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1952 golf tournament at night

1952 golf tournament at night

Feb. 4, 1952: Joe Louis tees off at Inglewood Country Club in night golf exhibition while Tommy Bolt, left, and Lloyd Mangrum await their turn.

Writer Charles Curtis explained the night tournament in a Feb. 3, 1952, Los Angeles Times article:

The sponsor is Jim Walker, a wealthy Portland, Or., toy airplane manufacturer, inventor and low handicapped golfer who aims to prove that night golf is a feasible thing for the future, particularly in the streaming jungles of the Midwest and East on summer nights.

Walker will have the course lighted as intensively as the floor of the Coliseum for a night football game.

Each of the contestants will be followed by one of Walker’s portable spotlights which develop 700,000 beam candlepower and may be focused for a spot or flood effect. A light-bearer wears the spotlight on his head in a man-from-Mars effect and covers the course on a scooter-type affair.

In addition, the course will be liberally sprinkled with 5000-watt floodlights. Six of them will cover the course from the club house hilltop.

Curtis reported the tournament results in the Feb. 5, 1952, Los Angeles Times:

Jim Walker’s second annual “Stars Under the Stars” night golf tournament provided six linesmen with a flossy financial target last night but the winner was only able to collect $1000 in the 18-hole round at Inglewood Country Club.

Lloyd Mangrum, golf’s leading money winner of 1951, shot the only sub par round of the night, a 71. In so doing he nicked Sponsor Walker for a $1000 cash award. Walker had promised to pay the tournament winner a grand for each stroke finished under par.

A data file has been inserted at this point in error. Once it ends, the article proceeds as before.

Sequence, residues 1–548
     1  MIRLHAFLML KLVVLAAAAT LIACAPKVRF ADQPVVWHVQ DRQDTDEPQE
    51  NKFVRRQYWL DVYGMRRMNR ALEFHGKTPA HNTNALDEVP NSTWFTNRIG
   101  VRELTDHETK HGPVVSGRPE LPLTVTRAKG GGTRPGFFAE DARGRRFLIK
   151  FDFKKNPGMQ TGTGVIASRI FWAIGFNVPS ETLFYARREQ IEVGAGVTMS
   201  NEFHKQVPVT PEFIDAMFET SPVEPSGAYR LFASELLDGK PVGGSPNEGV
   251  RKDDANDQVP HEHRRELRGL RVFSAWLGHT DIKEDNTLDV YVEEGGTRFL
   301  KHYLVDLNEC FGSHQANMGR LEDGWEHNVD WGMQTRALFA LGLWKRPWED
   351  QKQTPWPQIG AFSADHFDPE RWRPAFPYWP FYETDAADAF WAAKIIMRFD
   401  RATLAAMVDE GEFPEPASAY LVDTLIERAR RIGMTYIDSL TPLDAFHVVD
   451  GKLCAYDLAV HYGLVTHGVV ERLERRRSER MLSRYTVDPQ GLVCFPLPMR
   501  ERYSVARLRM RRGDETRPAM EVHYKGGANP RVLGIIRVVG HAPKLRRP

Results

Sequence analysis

Mangrum shot 36-35 on the par 37-35 courseā€¦.

The night tournament drew a crowd of some 2000 fans who stumbled down the fairways in pursuit of the two threesomes, Mangrum, Louis and Bolt teeing off in the first group.

Tee shots and second shots were brightly illuminated, the spotlights following the flight of the balls without difficulty. But on the green, the lighting was short of perfection and many shadows and moving beams hampered the players. In addition, the evening dew made putting difficult…

This photo by retired staff photographer Art Rogers was published in the Feb. 5, 1952, Los Angeles Times.

scott.harrison@latimes.com

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2 Comments

  1. January 8, 2014, 7:27 am

    The article states that Lloyd Mangrum shot a 71, but does anyone know what Joe Luis and Tommy Bolt shot?

    By: lglupian@cox.net
  2. January 8, 2014, 8:23 am

    The other scores were Jack Rurke Jr., 72; Jimmy Demaret, 73; Dr. Cary Middlecoff, 75; Tommy Bolt, 76 and Joe Louis, 81.

    By: Scott Harrison

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